On Mon, Jun 22, 2009 at 9:07 PM, Graham
Dumpleton<graham.dumple...@gmail.com> wrote:
> 2009/6/23 Weibin Yao <nbubi...@gmail.com>:
>> William A. Rowe, Jr. at 2009-6-23 2:00 wrote:
>>> Andreas Krennmair wrote:
>>>> * Guenter Knauf <fua...@apache.org> [2009-06-22 04:30]:
>>>>> wouldnt limiting the number of simultanous connections from one IP
>>>>> already help? F.e. something like:
>>>>> http://gpl.net.ua/modipcount/downloads.html
>>>> Not only would this be futile against the Slowloris attack (imagine n
>>>> connections from n hosts instead of n connections from 1 host), it would
>>>> also potentially lock out groups of people behind the same NAT gateway.
>>> FWIW mod_remoteip can be used to partially mitigate the weakness of this
>>> class of solutions.
>>> However, it only works for known, trusted proxies, and can only be safely
>>> used for those with public IP's.  Where the same on your private
>>> NAT backed becomes the same within the apache server's DMZ, the
>>> issues like Allow from become painfully obvious.  I haven't
>>> found a good solution, but mod_remoteip still needs one, eventually.
>> I have an idea to mitigate the problem: put the Nginx as a reverse proxy
>> server in the front of apache.
> Although your comment is perhaps heresy here, it does highlight one of
> the things that nginx is good at, even if you don't use it to serve
> static files with Apache handling just the dynamic web application.
> That is, that it can isolate Apache from slow clients, whether that be
> an attack as in this case, or just normal users using slow networks.
> The proxy module of nginx in the way it will buffer up request content
> to disk before actually sending the request onto the backend also
> helps by not tying up Apache's limited request handler threads until
> the request content is completely available, although, nginx does have
> an upper limit on this at some point and will still stream when the
> post content is large enough.
> The nginx server works better at avoiding problems with slow clients
> because it is event driven rather than threaded and so can handle more
> connections without needing to tie up expensive threads.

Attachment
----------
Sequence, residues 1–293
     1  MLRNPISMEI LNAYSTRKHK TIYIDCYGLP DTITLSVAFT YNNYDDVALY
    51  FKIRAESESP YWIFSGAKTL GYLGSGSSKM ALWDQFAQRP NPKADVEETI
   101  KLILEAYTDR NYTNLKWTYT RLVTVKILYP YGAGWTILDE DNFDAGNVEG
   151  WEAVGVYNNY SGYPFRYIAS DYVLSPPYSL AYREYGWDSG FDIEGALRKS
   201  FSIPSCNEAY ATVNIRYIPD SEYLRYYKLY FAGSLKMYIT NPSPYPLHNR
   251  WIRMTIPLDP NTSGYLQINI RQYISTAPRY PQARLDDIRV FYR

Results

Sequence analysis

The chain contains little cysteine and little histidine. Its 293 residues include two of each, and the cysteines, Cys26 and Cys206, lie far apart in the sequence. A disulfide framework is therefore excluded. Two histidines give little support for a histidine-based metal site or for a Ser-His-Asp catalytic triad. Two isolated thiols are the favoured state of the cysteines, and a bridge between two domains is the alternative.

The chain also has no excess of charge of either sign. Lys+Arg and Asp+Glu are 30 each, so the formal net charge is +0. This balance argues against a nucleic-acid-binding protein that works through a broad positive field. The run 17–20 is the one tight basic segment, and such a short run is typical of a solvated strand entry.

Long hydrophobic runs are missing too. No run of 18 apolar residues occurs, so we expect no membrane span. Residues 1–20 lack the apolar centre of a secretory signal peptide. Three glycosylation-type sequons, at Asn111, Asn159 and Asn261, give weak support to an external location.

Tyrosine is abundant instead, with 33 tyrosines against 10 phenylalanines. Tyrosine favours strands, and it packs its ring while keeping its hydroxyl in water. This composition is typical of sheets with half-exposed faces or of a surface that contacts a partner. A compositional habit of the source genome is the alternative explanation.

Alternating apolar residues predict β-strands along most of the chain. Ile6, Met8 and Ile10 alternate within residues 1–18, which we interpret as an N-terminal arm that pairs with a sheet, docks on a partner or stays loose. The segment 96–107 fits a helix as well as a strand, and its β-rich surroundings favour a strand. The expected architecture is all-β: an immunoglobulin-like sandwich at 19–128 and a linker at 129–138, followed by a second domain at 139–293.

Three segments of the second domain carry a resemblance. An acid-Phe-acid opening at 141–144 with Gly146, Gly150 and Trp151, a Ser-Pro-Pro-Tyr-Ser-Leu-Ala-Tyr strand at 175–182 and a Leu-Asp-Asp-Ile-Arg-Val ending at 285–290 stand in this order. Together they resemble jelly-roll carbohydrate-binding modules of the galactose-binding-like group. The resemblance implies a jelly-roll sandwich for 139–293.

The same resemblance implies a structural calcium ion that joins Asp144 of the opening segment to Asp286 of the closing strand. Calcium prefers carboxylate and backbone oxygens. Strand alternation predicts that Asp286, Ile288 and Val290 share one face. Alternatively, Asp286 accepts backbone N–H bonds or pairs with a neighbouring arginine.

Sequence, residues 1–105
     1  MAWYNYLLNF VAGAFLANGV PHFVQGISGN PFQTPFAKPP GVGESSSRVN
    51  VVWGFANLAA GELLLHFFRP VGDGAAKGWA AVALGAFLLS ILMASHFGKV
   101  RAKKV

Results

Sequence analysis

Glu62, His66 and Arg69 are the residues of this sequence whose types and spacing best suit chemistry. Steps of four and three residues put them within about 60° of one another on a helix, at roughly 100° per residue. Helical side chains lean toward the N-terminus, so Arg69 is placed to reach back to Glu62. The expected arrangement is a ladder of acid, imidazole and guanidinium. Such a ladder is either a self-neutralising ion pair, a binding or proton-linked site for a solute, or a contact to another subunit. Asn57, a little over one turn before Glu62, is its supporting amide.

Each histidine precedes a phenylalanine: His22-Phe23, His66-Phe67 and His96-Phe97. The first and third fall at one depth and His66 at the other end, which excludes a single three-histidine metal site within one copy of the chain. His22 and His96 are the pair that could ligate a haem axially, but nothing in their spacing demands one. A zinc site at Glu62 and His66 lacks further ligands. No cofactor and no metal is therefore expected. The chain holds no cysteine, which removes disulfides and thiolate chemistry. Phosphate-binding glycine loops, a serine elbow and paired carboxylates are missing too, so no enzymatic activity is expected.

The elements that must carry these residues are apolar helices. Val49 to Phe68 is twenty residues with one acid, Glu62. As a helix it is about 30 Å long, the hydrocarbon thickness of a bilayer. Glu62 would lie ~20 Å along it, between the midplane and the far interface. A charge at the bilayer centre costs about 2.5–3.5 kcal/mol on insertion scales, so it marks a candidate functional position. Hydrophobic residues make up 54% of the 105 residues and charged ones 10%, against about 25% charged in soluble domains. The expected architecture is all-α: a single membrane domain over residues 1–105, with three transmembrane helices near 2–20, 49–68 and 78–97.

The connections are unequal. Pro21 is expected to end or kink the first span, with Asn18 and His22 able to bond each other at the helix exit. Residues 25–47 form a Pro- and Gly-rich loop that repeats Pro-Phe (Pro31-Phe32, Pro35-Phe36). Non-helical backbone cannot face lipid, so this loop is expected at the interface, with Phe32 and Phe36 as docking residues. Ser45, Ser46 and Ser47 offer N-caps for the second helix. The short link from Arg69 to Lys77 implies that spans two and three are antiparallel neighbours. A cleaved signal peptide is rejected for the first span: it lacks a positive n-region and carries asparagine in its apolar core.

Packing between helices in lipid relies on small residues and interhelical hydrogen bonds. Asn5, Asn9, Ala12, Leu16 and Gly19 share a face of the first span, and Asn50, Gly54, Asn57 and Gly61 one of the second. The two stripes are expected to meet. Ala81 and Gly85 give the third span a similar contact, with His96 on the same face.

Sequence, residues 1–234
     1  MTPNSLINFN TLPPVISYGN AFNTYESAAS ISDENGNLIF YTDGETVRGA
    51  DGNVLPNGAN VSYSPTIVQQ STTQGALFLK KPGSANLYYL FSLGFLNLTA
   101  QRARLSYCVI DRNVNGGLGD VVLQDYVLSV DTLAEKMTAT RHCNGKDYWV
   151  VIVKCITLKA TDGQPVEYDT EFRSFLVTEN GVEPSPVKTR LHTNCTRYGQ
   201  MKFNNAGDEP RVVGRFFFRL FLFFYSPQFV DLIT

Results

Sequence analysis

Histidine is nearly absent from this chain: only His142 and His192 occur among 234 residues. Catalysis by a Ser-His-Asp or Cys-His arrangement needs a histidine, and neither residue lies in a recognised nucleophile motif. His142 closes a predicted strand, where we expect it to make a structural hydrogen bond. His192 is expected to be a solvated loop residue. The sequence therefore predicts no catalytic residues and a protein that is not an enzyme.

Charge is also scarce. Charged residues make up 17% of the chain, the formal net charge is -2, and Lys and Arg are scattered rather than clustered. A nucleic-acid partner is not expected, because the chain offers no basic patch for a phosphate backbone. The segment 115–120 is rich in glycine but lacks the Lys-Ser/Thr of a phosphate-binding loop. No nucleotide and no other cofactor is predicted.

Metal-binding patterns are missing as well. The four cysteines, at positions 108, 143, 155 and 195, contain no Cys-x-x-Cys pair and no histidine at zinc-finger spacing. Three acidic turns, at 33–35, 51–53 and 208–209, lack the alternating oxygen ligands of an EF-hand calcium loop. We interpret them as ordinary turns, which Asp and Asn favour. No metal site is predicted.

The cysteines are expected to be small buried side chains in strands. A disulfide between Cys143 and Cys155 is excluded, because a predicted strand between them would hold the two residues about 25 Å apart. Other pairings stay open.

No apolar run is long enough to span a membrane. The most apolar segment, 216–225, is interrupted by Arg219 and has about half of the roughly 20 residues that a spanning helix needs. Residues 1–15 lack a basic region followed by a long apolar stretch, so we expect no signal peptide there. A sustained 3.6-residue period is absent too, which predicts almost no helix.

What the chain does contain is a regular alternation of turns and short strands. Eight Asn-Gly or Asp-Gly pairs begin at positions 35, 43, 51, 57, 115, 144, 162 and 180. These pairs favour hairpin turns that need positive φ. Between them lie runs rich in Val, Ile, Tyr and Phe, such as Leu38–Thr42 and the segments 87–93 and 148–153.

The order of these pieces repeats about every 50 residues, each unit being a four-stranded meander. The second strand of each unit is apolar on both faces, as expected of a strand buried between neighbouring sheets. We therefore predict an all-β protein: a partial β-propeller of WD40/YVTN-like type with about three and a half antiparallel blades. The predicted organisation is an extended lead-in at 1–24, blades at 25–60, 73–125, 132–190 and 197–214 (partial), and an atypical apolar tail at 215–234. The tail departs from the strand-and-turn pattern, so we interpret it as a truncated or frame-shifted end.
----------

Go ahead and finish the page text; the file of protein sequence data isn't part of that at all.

> Unfortunately, trying to make socket accept handling in Apache be
> event driven and for requests to only be handed off to a thread for
> processing when ready can introduce its own problems. This is because
> an event driven system can tend to greedily accept new socket
> connections. In a multiprocess server configuration this can mean that
> a single process may accept more than its fair share of socket
> connections and by the time it has read the initial request headers,
> may not have enough available threads to handle the requests. In the
> mean time, another server process, which did not get in quick enough
> to accept some of the connections could be sitting their idle. How you
> mediate between multiple servers to avoid this sort of problem would
> be tricky if it can be done.
> Anyway, now for a hair brained suggestion that could bring some of
> this nginx goodness to Apache. Although no doubt it would have various
> limitations which to solve properly and be integrated seamlessly into
> Apache would require some changes in the core.
> The idea here is to have an Apache module which spawns off its own
> child process which implements a very small lightweight event driven
> proxy that listens on the real listener sockets you want to expose.
> This processes sole job would then be to handle reading in the request
> headers, and perhaps optionally buffering up request content, and then
> squirt it across to real Apache child server processes to be handled
> when it has all the information it needs. To that end, it wouldn't be
> a general purpose proxy but quite customised. As such, it could even
> perhaps be made more efficient than nginx in the way it is used to
> protect Apache from such things as slow clients.
> For HTTP at least, this probably wouldn't be too hard to do and
> wouldn't likely need any changes to the core. You could even have
> whether you use it be optional to the extent of it only applying to
> certain virtual hosts. Where it does though all get a lot harder is
> virtual hosts which use HTTPS.
> So, that is my crazy thought for the day and am sure that it will be
> derided for what is is worth.

Yes, I think the idea is a little crazy, we just need to fix the input
filters, encourage the use of the event mpm, along with FastCGI as a
connector.... then most of these problems go away :(

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